10 Simple Fixes That Would Have Saved The Star Wars Sequels

They came so close, but landed so, so, far away...

Star Wars Sequels

In 2015 Star Wars exploded once again onto the scene with The Force Awakens, a film that promised to take audiences back in time to the Star Wars of old, before the dark times, before the Prequels.

Episode VII showcased a Star Wars which was at once familiar and new, mixing classic elements ("it's another Death Star!") with exciting concepts that would make the franchise feel fresh again ("Master of the Knights of Ren").

Or, at least, that's what should have happened. Fans quickly realised that The Force Awakens relied too much on nostalgia to push the story forward, rehashing A New Hope rather than coming up with ideas of its own. Rian Johnson, who directed Episode VIII, was essentially handed a clean slate, and without a solid foundation to work on created a movie whose only original ideas were retconned when JJ took back the helms for the franchise's final film.

The once promising and exciting trilogy quickly became a disappointing mess, which at best provided some light moments of entertainment and nostalgia and at worst showcased the dark side of Disney, a multi-million dollar corporation who cared more about profit than creating compelling stories.

Still it wasn't all bad, and the cacophony of directors, writers, producers and story board teams came so close at times right before missing the mark. Here are just some of the things Disney and Lucasfilm could have done to save the Star Wars Sequels.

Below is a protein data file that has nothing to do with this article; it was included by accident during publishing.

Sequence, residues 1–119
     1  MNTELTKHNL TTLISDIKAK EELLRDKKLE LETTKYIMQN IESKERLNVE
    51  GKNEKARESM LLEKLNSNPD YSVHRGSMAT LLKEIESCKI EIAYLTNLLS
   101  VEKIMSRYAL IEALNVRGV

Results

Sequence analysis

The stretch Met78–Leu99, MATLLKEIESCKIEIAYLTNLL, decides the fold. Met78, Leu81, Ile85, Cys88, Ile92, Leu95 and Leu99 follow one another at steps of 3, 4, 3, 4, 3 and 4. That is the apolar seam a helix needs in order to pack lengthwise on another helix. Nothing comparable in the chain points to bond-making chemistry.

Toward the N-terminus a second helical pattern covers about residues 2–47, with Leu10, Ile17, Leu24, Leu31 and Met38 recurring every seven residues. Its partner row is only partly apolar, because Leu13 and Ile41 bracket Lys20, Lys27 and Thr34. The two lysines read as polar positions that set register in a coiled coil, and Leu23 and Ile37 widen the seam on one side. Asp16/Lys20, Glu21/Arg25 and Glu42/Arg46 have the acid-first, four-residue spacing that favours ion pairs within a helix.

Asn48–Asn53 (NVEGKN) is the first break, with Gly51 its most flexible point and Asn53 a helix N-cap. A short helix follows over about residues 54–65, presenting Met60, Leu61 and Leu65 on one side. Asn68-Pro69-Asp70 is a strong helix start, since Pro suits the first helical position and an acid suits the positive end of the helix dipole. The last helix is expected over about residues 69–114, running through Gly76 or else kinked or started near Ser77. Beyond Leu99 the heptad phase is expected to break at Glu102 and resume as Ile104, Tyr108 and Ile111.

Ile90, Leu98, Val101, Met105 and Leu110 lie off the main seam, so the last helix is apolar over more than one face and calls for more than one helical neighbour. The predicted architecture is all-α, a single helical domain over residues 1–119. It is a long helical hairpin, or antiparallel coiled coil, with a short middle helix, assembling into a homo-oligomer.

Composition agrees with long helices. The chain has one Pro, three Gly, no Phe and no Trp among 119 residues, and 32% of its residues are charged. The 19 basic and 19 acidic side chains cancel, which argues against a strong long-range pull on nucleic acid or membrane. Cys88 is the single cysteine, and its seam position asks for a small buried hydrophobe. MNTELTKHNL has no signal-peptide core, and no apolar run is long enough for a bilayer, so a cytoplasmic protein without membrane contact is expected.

10. Have A Plan From The Beginning

Star Wars Sequels

This might sound like a big ask, but really, this is the least the multi-billion dollar giant that is Disney could have done with as culturally significant a franchise as Star Wars.

Most of the issues on this list would have been solved had Disney and Lucasfilm's story team outlined at least a general trajectory for the Sequel Trilogy from the beginning. A blueprint would have avoided wasting characters and the back-and-forth retconning that made key plot points like Rey's parentage and the miraculous resurrection of the Emperor so awkward and unpalatable.

The Sequel Trilogy's biggest problem was a lack of cohesion between its constituent parts, leading to them feeling disjointed at times. Watching Star Wars' latest trilogy sometimes feels like watching a tug of war between different directors and producers as they all try to drag the franchise into their preferred direction, resulting in it going nowhere at all.

While it's true that the Original Trilogy also lacked a unified plan (despite what Lucas might have since said, this is especially obvious when considering Luke and Leia's questionable relationship in the first couple of movies), at least the writers and directors that worked on Episodes V and VI unveiled a story which more or less naturally followed on from the events and character motivations established in the previous films.

Instead, Rise of Skywalker retcons The Last Jedi which rectons, in turn, The Force Awakens. The trilogy feels less like a cohesive story than a series of experiments in maximising nostalgia and profit. The fact that The Sequel Trilogy effectively ends in exactly the same way as the Original showcases just how clueless Disney were, revealing they never had a plan for the Saga at all.

Seriously, Disney, you can do better than this.

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When Matteo isn't cashing in on a lifetime of devotion to his favourite pop culture franchises and indie bands, he's writing and publishing poems and short stories under the name Teo Eve. Talk about range.